Pivot-Independent Relativization in Japanese
It has generally been assumed that Japanese relativization consists of a simple process of deletion, in the relative clause, of a noun phrase coreferential with the noun phrase that the clause modifies. Thus, it has been believed that, as McCawley puts it, “a relative clause, whether restrictive or nonrestrictive, consists of a truncated sentence (specifically, a sentence which lacks the NP that is relativized over and any case markers that go with that NP”, and “the relative clause precedes the NP which it modifies”. 1 In a series of articles, I will present and discuss the claim that alongside this familiar type of relativization Japanese also possesses the type of relative clause which recently has increasingly drawn linguists’ attention and which is commonly referred to as ‘headless relative clause’.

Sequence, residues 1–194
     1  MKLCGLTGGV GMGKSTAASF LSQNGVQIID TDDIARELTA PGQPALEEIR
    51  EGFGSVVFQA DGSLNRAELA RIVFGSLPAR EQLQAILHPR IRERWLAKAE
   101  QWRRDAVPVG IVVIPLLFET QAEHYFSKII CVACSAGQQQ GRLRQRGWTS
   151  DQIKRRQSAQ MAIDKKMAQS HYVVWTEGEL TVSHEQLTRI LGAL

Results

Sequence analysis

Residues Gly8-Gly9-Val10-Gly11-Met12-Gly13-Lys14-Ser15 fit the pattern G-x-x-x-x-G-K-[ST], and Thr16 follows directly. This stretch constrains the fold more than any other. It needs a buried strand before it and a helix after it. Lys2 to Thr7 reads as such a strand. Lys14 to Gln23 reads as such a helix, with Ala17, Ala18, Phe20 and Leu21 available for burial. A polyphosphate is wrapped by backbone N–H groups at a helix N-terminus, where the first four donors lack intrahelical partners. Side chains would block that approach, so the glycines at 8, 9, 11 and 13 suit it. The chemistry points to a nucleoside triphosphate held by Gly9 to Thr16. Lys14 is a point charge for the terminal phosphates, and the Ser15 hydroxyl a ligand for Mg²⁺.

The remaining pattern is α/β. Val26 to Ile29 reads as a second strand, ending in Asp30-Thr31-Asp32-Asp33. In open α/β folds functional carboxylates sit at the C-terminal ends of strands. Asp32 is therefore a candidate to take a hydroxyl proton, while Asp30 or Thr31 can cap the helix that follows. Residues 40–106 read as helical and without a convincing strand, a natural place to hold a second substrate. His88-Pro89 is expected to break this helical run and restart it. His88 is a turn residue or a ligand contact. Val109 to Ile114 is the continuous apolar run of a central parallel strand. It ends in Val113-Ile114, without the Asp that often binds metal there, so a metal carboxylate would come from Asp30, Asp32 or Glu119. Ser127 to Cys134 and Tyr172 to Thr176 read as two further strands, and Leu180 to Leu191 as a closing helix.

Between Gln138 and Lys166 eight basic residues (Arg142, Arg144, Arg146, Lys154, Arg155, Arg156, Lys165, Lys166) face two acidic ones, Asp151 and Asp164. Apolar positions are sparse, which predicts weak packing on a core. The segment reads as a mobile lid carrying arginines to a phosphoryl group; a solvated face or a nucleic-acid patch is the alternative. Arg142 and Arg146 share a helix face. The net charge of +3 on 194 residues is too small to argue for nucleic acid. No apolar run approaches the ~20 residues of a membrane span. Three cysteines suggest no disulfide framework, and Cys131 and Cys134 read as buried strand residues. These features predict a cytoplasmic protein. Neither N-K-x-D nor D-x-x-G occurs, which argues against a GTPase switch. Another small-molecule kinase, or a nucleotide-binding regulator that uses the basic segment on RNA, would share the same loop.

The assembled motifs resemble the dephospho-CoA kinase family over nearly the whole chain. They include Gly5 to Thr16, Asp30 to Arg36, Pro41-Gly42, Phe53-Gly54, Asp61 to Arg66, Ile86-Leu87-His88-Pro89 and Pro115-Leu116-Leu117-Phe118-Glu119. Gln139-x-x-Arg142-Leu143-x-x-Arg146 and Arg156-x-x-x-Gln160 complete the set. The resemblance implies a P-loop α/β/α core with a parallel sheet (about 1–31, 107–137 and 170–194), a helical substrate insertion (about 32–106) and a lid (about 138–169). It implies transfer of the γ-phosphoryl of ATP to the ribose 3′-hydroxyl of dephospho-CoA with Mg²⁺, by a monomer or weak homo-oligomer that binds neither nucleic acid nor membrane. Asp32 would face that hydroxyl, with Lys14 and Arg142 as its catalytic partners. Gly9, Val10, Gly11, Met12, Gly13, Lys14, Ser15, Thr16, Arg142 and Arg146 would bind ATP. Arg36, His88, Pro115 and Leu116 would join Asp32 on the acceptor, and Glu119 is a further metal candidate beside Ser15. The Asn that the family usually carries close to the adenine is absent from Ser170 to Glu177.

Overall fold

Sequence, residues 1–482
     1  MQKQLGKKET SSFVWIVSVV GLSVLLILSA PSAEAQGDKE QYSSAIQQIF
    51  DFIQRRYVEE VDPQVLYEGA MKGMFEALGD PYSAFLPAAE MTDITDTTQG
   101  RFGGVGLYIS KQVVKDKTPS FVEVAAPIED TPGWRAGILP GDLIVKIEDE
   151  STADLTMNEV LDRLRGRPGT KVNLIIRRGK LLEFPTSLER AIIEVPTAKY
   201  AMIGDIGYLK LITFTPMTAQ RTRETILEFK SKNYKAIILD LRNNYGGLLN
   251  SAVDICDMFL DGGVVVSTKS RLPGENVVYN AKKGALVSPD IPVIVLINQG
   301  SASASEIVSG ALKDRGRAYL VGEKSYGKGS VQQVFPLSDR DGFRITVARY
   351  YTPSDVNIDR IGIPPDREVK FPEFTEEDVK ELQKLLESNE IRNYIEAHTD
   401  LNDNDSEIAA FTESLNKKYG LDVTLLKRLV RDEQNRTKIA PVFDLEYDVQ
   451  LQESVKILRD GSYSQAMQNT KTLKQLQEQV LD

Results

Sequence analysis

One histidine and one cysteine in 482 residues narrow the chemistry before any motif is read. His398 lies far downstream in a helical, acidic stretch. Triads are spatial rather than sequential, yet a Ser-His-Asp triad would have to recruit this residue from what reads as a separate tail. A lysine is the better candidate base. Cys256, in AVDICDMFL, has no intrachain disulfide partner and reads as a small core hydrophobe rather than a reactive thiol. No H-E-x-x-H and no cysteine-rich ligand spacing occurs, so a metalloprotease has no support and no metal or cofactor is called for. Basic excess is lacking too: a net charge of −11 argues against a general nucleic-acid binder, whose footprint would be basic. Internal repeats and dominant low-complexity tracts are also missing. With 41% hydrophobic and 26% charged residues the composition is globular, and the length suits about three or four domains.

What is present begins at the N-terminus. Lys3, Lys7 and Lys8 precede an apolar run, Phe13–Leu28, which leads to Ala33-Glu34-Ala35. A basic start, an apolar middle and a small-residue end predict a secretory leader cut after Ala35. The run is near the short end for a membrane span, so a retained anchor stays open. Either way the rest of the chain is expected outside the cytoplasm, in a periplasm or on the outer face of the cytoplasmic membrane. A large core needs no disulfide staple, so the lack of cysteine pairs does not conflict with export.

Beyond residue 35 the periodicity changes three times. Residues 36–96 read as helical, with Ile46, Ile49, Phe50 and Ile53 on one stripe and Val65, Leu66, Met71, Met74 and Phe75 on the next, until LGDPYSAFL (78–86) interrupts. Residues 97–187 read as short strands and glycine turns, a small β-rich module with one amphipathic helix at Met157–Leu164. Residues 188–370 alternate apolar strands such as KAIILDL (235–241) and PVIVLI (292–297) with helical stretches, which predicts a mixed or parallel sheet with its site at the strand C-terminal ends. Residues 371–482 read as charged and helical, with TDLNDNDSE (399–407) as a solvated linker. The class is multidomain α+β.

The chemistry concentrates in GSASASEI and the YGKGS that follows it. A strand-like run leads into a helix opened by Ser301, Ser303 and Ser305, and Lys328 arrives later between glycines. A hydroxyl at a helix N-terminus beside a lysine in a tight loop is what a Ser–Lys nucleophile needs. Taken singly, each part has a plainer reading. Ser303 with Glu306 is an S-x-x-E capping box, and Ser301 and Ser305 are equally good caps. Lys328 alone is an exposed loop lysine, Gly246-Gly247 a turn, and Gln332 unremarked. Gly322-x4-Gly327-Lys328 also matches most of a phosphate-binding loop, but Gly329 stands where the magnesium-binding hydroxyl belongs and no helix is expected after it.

KeywordsNoun Phrase Relative Clause Direct Object Embed Clause Matrix Clause
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